Stages of alzheimer’s

First Stage – 2 to 4 years leading up to and including diagnosis

Symptoms:

  • Recent memory loss begins to affect job performance.
  • Confusion about places – gets lost on way to work.
  • Loses initiative – can’t start anything.
  • Mood/personality changes – patient becomes anxious about symptoms, avoids people.
  • Poor judgment – makes bad decisions.
  • Takes longer with routine chores.
  • Trouble handling money, paying bills.

Examples:

  • Can’t remember what she was just told to do.
  • Forgets which bills are paid – can’t remember phone numbers.
  • Loses things – can’t remember grocery list.
  • Arrives at wrong time or place, or constantly rechecks calendar.
  • “Mother’s not the same – she’s withdrawn, disinterested.”
  • She spent all day making dinner and forgot to serve several courses.
  • She paid the bills three times over, or didn’t pay for three months.

Second Stage – 2 to 10 years after diagnosis (longest stage)

Symptoms:

  • Increasing memory loss and confusion.
  • Shorter attention span.
  • Problems recognizing close friends and/or family.
  • Repetitive statements and/or movements.
  • Restless, especially in late afternoon and at night.
  • Occasional muscle twitches or jerking.
  • Perceptual motor problems. Difficulty organizing thoughts, thinking logically.
  • Can’t find right words – makes up stories to fill in blanks.
  • Problems with reading, writing and numbers.
  • May be suspicious, irritable, fidgety, teary or silly.
  • Loss of impulse control – sloppy, won’t bathe or afraid to bathe, has trouble dressing.
  • May see or hear things that are not there.
  • Needs full-time supervision.

Examples:

  • Can’t remember visits immediately after you leave.
  • Repetitive movements or statements.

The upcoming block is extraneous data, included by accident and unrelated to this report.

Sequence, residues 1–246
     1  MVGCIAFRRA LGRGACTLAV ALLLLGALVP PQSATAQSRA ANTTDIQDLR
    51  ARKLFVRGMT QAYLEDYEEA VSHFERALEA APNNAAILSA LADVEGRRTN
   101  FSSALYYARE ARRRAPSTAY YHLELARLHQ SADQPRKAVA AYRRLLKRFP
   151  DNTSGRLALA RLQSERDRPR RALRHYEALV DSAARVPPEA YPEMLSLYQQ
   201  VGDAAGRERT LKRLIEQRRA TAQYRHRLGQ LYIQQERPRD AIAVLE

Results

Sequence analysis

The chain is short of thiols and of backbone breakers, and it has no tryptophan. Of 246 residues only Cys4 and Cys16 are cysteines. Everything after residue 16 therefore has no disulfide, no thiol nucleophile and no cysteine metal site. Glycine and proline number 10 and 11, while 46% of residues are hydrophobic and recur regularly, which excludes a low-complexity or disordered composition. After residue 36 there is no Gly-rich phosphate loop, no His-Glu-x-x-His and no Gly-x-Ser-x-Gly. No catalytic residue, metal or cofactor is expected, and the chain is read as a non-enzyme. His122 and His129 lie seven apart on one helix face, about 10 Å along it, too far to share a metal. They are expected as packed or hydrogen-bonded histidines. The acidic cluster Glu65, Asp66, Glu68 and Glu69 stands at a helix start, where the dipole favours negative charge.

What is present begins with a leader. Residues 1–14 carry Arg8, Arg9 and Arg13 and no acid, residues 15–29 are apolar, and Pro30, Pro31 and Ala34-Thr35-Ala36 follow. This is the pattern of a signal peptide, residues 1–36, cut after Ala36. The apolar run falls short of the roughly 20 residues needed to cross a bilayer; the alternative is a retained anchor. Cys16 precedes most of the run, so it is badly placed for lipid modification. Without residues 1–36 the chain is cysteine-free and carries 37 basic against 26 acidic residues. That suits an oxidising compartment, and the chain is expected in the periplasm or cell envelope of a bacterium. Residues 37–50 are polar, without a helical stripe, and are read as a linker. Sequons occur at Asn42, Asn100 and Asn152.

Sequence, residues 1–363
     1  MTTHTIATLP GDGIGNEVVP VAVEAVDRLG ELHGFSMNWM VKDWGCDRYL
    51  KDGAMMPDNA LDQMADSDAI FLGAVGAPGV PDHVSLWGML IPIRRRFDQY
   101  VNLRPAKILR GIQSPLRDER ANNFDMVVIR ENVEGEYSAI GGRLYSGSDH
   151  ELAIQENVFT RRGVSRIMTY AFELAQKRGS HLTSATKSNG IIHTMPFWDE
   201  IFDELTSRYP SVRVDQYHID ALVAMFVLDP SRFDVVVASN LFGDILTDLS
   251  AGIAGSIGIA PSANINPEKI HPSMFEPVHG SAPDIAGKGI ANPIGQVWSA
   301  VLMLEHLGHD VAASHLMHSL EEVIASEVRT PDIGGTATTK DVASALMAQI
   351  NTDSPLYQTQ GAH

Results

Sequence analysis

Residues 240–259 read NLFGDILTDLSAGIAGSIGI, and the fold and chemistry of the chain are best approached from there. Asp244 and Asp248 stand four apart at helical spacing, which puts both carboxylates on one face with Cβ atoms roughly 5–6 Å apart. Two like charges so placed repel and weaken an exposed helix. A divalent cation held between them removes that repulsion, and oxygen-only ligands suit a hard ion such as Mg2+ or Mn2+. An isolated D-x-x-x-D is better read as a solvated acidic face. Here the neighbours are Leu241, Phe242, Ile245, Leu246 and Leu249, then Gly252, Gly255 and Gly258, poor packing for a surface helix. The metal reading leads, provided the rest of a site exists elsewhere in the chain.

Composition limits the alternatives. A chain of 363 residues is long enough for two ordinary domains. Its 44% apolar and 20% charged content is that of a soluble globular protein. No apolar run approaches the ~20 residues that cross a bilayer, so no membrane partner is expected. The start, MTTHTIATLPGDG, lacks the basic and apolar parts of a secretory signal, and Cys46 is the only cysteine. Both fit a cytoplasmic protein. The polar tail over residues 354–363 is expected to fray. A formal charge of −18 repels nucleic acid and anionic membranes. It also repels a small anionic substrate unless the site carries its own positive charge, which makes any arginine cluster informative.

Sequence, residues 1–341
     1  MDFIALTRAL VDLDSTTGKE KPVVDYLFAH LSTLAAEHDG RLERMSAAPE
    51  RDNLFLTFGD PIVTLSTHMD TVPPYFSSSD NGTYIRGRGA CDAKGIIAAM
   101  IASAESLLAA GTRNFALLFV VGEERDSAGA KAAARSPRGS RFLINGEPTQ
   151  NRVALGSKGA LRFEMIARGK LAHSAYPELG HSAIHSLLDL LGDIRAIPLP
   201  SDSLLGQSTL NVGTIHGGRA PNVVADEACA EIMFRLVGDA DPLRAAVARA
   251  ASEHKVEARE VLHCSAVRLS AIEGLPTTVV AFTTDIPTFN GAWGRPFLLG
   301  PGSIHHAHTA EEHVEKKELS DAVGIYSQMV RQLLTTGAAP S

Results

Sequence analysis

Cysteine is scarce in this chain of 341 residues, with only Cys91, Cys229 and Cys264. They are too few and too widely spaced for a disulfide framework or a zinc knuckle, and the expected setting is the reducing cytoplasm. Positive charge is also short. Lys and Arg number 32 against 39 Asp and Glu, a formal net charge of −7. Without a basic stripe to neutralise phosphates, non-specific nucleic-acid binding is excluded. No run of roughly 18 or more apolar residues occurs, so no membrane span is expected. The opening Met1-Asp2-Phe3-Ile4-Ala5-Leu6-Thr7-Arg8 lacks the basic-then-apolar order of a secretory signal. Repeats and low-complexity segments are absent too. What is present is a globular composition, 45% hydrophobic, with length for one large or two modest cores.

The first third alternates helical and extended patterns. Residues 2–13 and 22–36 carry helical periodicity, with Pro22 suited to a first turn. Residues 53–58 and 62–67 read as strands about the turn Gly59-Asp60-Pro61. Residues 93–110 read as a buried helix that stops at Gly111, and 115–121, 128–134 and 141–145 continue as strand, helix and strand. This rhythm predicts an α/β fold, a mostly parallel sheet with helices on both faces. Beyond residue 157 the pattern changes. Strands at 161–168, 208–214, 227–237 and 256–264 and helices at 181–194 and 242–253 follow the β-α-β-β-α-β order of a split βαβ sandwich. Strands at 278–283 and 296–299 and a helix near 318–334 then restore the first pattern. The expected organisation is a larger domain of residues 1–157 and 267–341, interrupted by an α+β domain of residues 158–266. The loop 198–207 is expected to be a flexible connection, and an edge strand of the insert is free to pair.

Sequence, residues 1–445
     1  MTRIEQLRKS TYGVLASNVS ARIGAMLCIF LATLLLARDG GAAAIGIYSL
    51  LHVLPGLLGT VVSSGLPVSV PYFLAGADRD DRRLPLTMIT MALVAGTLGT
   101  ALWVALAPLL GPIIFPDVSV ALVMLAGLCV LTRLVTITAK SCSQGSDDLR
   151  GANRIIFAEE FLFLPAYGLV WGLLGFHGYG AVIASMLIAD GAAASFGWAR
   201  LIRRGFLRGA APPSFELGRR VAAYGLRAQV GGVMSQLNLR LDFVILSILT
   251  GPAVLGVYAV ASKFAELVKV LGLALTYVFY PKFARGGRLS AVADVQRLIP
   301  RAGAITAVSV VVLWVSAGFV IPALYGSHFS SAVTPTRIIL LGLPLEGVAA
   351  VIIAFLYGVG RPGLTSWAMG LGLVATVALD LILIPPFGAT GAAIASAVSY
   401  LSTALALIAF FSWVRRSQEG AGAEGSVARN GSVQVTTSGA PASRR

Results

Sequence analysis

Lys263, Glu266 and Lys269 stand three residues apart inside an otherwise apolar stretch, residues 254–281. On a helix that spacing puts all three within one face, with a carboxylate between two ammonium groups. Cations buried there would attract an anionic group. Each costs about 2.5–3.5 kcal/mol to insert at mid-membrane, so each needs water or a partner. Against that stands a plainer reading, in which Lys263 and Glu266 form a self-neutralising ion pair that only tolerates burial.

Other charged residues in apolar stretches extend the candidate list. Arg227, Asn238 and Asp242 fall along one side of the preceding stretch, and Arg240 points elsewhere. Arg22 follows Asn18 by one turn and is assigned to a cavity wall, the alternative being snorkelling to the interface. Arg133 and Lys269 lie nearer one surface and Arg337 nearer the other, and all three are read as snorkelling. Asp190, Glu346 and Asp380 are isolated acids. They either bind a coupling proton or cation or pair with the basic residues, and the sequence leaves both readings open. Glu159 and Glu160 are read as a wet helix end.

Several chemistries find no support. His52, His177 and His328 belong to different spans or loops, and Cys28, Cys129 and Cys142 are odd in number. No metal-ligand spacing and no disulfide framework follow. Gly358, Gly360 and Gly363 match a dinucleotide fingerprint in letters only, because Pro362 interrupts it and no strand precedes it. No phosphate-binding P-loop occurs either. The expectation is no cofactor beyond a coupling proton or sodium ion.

• Sleeps often – awakens frequently at night and may get up and wander.
  • Perceptual motor problems – difficulty getting into a chair, setting the table for a meal.
  • Can’t find the right words.
  • Problems with reading, numbers – can’t follow written signs, write name, add or subtract.
  • Suspicious – may accuse spouse of hiding things, infidelity; may act childish.
  • Loss of impulse control – sloppier table manners; may undress at inappropriate times or in the wrong place.
  • Huge appetite for junk food and other people’s food; forgets when last meal was eaten, then gradually loses interest in food.

Terminal Stage – 1 to 3 years

Symptoms:

  • Can’t recognize family or image of self in mirror.
  • Loses weight even with good diet.
  • Little capacity for self-care.
  • Can’t communicate with words.
  • May put everything in mouth or touch everything.
  • Can’t control bowels, bladder.
  • May have seizures, experience difficulty swallowing, skin infections.

Examples:

  • Looks in mirror and talks to own image.
  • Needs help with bathing, dressing, eating and toileting.
  • May groan, scream or make grunting sounds.
  • May try to suck on everything.
  • Sleeps more.